Gambazzi Looses in Milan
On 24 November 2010, the Milan Court of appeal found that the English judgments delivered in 1998 and 1999 in the Gambazzi case were not contrary to Italian public policy and could thus be declared enforceable in Italy.
We had reported earlier on this judicial saga which has occupied the dockets of a number of higher courts of the western world in the last decade.
Most readers will remember that the Milan court had first referred the case to Luxembourg. The European Court of Justice had asked the national court to verify the following:
42 With regard, first, to the disclosure order, it is for the national court to examine whether, and if so to what extent, Mr Gambazzi had the opportunity to be heard as to its subject-matter and scope, before it was made. It is also for it to examine what legal remedies were available to Mr. Gambazzi, after the disclosure order was made, in order to request its amendment or revocation. In that regard, it must be established whether he had the opportunity to raise all the factual and legal issues which, in his view, could support his application and whether those issues were examined as to the merits, in full accordance with the adversarial principle, or whether on the contrary, he was able to ask only limited questions.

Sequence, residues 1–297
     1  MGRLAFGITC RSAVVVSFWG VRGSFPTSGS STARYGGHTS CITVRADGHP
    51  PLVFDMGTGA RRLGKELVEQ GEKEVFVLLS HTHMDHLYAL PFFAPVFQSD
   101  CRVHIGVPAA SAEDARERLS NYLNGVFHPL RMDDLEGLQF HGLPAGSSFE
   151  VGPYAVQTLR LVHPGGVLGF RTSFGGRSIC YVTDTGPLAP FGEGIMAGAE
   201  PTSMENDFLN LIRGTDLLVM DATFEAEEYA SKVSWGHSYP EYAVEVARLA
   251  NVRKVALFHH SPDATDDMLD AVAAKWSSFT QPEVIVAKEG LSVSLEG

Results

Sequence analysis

43 With regard to Mr Gambazzi’s failure to comply with the disclosure order, it is for the national court to ascertain whether the reasons advanced by Mr Gambazzi, in particular the fact that disclosure of the information requested would have led him to infringe the principle of protection of legal confidentiality by which he is bound as a lawyer and therefore to commit a criminal offence, could have been raised in adversarial court proceedings.
44 Concerning, second, the making of the unless order, the national court must examine whether Mr Gambazzi could avail himself of procedural guarantees which gave him a genuine possibility of challenging the adopted measure.
45 Finally, with regard to the High Court judgments in which the High Court ruled on the applicants’ claims as if the defendant was in default, it is for the national court to investigate the question whether the well-foundedness of those claims was examined, at that stage or at an earlier stage, and whether Mr Gambazzi had, at that stage or at an earlier stage, the possibility of expressing his opinion on that subject and a right of appeal.
In a ten page long judgment, the Milan Court of appeal explained why the English proceedings were not manifestly unfair to Gambazzi. The essentials of the decision are the following.
Betting on Winning on Jurisdiction
Gambazzi was able to convince Swiss courts to deny recognition to the English judgments because the documents he needed to defend himself had been retained by an English firm with which he had an argument over the fees which had been charged (Pounds 1 million).